A giant lantern costs between P500,000 to P700,000 to build. Along with the city government’s aid and programs for lantern makers, the local government gives a subsidy of about P150,000 for building the massive parols; the rest of the funds are sourced from solicits. Bayanihan transpires in these cases, wherein the community extends help through volunteering labor, providing food for the workers, donating light bulbs, and the like.
“There are only a few lantern makers left who know the craft, from its history to modern days. Lantern vendors are different; their target is strictly monetary,” Quiambao stresses. Although modernizations are highly welcome in a business that relies on technology, understanding the parol’s beginnings will keep the designs and the tradition’s spirit flourishing for years to come. The movement to preserve the tradition is focused on documenting the craft, consciously advocating Kapampangan culture in the city’s branding image, and teaching the art of lantern-making to the next generation.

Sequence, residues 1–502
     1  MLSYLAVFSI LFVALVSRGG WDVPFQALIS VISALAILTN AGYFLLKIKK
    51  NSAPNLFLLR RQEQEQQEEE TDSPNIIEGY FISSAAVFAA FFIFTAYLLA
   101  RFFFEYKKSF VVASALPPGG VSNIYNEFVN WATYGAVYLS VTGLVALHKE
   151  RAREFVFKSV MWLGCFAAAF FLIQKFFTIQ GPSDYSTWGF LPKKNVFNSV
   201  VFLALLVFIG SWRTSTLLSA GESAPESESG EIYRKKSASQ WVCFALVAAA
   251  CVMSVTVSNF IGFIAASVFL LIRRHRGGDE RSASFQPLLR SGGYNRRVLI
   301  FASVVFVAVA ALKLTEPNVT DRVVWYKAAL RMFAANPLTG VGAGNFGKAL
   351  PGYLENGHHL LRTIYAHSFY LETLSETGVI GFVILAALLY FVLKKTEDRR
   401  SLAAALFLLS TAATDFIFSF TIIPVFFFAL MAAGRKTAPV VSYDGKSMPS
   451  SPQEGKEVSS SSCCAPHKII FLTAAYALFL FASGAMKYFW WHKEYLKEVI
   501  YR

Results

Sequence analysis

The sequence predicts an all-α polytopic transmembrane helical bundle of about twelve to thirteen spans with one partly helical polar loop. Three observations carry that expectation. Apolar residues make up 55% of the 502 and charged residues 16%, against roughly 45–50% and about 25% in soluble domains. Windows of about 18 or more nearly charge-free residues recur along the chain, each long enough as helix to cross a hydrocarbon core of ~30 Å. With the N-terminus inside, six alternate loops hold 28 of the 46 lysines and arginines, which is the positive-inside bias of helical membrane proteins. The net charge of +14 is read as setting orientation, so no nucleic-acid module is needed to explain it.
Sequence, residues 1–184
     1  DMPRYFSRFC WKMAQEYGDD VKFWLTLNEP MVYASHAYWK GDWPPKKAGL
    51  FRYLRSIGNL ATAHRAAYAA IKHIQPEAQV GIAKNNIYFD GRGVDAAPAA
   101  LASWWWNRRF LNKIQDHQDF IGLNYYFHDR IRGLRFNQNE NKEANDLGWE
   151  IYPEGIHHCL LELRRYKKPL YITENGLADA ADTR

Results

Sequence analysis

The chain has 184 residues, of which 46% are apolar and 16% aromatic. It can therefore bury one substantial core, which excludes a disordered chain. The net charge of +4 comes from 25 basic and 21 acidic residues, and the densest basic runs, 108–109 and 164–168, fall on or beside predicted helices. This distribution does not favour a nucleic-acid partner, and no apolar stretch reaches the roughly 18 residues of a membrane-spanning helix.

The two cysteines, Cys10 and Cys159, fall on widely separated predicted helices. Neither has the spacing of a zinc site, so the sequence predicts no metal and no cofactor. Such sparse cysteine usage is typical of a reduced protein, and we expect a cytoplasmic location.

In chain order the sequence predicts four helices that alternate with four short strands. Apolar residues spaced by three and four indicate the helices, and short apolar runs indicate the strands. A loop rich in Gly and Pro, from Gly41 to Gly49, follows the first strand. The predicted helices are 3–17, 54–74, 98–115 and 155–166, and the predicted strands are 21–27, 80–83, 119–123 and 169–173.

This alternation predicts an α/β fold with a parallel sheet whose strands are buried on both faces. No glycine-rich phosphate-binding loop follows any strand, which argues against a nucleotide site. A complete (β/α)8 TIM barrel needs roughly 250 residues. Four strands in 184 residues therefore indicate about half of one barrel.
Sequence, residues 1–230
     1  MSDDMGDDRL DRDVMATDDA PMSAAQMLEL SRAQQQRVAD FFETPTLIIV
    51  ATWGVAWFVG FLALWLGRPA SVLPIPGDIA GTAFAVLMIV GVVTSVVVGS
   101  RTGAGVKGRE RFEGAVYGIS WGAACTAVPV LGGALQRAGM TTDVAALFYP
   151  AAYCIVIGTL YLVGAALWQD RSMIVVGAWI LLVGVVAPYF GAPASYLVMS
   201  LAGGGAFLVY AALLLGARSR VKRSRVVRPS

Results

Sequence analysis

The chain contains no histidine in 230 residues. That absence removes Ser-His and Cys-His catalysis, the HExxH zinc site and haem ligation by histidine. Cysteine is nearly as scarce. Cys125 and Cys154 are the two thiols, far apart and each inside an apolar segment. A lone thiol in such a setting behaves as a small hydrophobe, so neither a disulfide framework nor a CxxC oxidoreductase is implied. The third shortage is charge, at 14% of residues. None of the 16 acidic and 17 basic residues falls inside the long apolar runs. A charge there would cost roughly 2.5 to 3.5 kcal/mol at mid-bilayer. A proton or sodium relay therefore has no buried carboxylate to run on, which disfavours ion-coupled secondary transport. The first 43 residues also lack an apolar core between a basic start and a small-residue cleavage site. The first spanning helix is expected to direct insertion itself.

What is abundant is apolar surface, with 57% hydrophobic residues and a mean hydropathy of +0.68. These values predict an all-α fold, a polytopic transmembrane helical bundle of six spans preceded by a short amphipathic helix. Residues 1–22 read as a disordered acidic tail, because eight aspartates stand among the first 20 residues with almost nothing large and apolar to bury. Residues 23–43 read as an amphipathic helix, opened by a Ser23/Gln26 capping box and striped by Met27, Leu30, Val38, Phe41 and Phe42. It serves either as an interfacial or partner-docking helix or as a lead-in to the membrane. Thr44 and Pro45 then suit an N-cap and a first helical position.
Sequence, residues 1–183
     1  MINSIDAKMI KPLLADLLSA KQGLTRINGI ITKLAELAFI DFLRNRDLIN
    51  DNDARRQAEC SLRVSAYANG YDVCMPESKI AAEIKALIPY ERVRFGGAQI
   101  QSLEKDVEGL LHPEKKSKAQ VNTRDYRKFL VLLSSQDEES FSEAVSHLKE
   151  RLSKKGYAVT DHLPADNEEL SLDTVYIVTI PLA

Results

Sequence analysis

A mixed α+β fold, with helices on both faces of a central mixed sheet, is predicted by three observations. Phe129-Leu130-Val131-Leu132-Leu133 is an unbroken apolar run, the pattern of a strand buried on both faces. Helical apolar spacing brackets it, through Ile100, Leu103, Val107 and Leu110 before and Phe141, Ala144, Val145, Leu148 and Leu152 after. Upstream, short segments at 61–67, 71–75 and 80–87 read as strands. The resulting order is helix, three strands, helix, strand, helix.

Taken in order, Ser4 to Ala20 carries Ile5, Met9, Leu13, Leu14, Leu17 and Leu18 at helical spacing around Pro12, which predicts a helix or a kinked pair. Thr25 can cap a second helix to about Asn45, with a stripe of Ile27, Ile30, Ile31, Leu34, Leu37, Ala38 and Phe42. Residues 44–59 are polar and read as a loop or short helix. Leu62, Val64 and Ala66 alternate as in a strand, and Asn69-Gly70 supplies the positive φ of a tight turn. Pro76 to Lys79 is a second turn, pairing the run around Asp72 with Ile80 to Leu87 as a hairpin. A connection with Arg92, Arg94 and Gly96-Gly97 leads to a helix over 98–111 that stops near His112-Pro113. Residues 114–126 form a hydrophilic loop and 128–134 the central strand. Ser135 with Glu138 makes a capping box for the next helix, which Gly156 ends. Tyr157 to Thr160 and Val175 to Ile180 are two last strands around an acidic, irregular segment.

Quiambao, Quiwa, and Flores all say that lantern-making isn’t something you study in school. It takes years of practice; all of them started learning it at a very young age, and they credit their magnificent designs to the vividness of their imaginations. “That’s important. Even if you’re good with your hands, it all still starts with the mind. Your hands cannot draw anything if there’s no idea in your head to begin with,” adds Quiwa. These masters have learned to create their designs by freehand, a painstaking process that requires engineering know-how, and they draw inspiration from their surroundings, never failing to come up with something new every single year. These are the concepts and legacies they want to leave behind. “I’ll continue as long as I can. I don’t want San Fernando’s tradition to die; it should be taught and passed down to the youth,” says Flores.